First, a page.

Common Reasons People Stay at a Company

Feb 26, 2015

Video Transcript

Welcome to Inside Kimmel. I’m Charlie Kimmel. Today, we’re going to discuss the common reasons why people stay with their current employers. As recruiters, we talk to 1,500 to 2,000 professionals every single day. And in doing that for the past 34 years, we’ve gained a wealth of knowledge into why people are perfectly happy where they are. So in this episode, I’m going to share with you four of those points that we see most commonly.

It’s Not The Money

The first point to make is it’s not the money. People don’t stay at a company because of the money. Money’s important. Companies need to be competitive. And people will make the mistake of making a change for money. But that is not one of the four most common reasons why we see people making a change. I discussed this in the previous episode. So, if you should have an interest, take a look at that one for more detail.

Challenging Work

The first most common reason we hear for people staying at their current employer is they’re challenged by the work. People that are productive, employees that are productive, professionals who want to continue to grow and benefit a company, always want to be challenged. And so we know when we hear in the process of a recruiting call, if somebody says, “Oh, I really love it here. I love the work. It’s such a challenge.” Whether it be the size of a project or the scope or learning something new, developing something for the company, if the person is challenged and they feel engaged and excited to come to work every day, because of that challenge, they’re generally not going to make a change, through our experience.


The second most common reason that people stay with their current employer that we hear is friends. They have friends at the company. They enjoy the people that they work with. There is a culture of fellowship with the company. It’s very hard to leave your friends. It’s not so hard to leave a job. It’s not so hard to leave a particular project. But when you’re faced with the idea of losing good friends, going to another company and not being in contact with them every day, that’s tough to do. It’s tough to pull the trigger on. So we hear that quite often.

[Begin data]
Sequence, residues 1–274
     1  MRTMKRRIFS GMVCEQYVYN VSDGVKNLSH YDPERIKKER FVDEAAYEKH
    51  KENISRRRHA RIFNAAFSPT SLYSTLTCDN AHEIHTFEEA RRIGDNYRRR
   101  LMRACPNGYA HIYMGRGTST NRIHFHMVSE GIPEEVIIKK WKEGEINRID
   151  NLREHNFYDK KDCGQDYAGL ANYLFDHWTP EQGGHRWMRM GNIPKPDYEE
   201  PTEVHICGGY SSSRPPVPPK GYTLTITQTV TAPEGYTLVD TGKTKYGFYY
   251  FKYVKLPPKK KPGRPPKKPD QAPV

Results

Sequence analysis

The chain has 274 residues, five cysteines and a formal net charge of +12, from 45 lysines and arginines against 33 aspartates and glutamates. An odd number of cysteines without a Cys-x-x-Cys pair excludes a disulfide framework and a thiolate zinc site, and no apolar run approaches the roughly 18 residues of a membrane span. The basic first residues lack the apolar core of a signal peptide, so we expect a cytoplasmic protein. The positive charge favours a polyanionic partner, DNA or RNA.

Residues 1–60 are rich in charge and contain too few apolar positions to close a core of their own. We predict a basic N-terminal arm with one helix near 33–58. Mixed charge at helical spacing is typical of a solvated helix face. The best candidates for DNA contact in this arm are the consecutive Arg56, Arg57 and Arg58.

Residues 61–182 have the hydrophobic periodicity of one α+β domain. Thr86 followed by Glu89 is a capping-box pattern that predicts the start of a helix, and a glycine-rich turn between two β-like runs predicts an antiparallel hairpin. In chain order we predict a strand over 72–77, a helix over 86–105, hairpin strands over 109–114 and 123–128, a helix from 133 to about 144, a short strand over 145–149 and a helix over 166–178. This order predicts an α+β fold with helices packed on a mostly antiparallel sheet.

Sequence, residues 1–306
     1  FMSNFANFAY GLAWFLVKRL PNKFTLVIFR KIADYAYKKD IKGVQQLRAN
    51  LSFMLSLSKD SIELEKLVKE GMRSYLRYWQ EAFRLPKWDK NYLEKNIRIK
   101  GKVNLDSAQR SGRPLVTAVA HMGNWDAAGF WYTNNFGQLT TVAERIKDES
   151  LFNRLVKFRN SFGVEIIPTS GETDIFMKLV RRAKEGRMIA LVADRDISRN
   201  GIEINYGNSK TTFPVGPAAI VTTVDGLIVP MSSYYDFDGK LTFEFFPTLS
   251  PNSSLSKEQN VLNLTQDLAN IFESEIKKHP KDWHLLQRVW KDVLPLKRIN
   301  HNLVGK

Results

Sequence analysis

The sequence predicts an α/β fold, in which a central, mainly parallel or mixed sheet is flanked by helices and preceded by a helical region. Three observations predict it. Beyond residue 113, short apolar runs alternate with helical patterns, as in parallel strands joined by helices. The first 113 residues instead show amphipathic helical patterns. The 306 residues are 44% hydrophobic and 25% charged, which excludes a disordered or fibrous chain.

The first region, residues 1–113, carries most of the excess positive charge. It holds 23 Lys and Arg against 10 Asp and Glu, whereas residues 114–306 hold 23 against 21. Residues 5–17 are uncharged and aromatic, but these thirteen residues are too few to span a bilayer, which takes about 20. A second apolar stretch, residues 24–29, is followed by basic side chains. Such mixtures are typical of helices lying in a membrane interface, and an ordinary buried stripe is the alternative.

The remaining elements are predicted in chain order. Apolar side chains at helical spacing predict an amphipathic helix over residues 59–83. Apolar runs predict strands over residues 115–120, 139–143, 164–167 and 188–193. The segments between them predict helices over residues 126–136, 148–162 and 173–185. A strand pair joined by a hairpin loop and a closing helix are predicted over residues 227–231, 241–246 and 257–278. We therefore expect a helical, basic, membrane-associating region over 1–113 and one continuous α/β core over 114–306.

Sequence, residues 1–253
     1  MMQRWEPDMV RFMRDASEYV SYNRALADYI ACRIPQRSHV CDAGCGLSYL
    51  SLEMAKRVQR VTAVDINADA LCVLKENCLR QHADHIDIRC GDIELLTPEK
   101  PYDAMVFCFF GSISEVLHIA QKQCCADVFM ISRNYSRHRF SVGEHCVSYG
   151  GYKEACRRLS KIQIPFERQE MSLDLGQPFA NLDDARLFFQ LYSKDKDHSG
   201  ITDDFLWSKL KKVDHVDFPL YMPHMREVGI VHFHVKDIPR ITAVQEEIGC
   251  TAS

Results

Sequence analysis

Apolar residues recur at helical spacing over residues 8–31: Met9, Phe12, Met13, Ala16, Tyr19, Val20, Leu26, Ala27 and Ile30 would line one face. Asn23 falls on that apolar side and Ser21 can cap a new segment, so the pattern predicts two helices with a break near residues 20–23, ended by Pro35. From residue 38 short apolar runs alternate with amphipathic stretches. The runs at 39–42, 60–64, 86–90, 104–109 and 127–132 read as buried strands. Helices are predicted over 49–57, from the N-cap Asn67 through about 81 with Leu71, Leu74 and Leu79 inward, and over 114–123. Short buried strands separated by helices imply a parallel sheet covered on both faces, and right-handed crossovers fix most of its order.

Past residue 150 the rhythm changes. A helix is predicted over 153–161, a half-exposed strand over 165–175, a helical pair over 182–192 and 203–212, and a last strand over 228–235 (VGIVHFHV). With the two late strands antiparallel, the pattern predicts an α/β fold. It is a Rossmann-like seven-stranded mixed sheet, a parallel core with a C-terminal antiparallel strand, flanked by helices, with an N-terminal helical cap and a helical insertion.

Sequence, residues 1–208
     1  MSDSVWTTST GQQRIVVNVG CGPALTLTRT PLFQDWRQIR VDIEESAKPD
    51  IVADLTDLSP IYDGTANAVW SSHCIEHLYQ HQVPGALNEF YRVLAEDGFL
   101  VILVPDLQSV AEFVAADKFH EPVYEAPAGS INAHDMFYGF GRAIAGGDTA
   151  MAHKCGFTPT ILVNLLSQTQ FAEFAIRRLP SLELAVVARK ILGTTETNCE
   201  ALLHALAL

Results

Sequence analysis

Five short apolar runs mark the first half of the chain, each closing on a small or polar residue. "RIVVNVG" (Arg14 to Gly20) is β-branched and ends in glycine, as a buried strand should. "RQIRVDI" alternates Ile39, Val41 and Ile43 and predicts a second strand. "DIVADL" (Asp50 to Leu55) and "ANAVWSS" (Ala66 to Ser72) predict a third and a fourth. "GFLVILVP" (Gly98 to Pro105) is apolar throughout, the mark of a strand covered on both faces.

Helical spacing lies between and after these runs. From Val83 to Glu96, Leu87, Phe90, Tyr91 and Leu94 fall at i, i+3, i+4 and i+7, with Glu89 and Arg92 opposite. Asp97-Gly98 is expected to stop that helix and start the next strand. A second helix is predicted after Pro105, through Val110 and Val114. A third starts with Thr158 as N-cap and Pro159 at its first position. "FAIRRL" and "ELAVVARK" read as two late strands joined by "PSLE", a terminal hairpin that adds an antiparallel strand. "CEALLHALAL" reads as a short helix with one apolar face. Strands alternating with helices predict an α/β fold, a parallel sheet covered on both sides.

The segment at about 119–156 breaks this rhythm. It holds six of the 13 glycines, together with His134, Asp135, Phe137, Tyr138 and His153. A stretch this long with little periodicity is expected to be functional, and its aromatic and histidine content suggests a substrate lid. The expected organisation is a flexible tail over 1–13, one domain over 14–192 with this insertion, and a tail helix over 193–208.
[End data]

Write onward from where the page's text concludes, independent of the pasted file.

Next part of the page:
There was an experience of a candidate that when asked if they’d be interested in another position, they said, “I can’t leave. I can’t leave these people. When I was going through a divorce, these were the only people that were here for me. And every day, they supported me through that tough time in my life.” And we know that person’s never going to make a change. So, think of it as friends, but enjoying the people you work for, having a culture of fellowship, coming in every day, and interacting with people you enjoy.


The third reason is family. You have to remember that in making a job change, 51% of the decision is going to be held by the spouse. I like to kid around that you threw the kids in there, then you have a super majority. So if the family doesn’t want to make a change, the person isn’t going to make a change. And we know that to be a fact.

I’ve had an actual candidate say this, that they won’t be interested in speaking with me about any position. And when I said, “Why?” he said, “Well, my wife would kill me. She loves this company. She has friends at this company. And our kids are involved in the company as well.” So, when the family’s engaged in a company, the person is entrenched in that company. Because it’s real difficult to go home and tell your family, your kids, that you’re taking something away from them. So, we find that those people are going to be with their company for quite a long time.


The fourth reason, and we believe the most important reason, is people stay with companies where they feel safe, where they trust the employer. A simple story about that that I think will make it ring true is talking to a candidate and asked them would you be interested in making a change. He said, “No, I’m never going to leave this company.” And I said, “Well, why?” He said, “Well, during my first week of employment here, I had to relocate. It’s my wife’s hometown, so I’m not familiar with the town. But it was a good job, so I decided to take it. Driving home on the freeway and I get a flat tire. Torrential downpour, really uncomfortable, I’m on the side of the road. I’ve got this rental car, and I’m trying to change the tire. I noticed somebody’s pulled up next to me, and they get out of the car in a business suit and help me change the tire. It takes about 10 or 15 minutes. And it’s awkward. We laugh, and we have a good time, and I go on my merry way.

Well, that person was the president of the company. He thought enough about me to stop and help me, somebody he doesn’t even really know, has met one time on a busy Friday afternoon, and helped me change the tire. That was ten years ago. And I couldn’t even have a conversation about some of the positions that I was looking for.”

The reason why? He trusted that person. He trusted that company. And that’s just an example of what we’re talking about. If the people trust their employer and they feel safe there that they’re going to be there for an extended period of time, they’re not going to leave.

So those are the most common reasons we found in our 34 years of doing this that people stay with their current employers. Thank you for watching. We hope you learned something.

About the Author

Charlie Kimmel

As President and CEO, Charlie has dedicated his 25+ year career to executive search at Kimmel & Associates. Charlie joined Kimmel & Associates in 1990 as a Recruiter. In 1993, he graduated with honors from the University of North Carolina at Asheville, where he received a BA in History.

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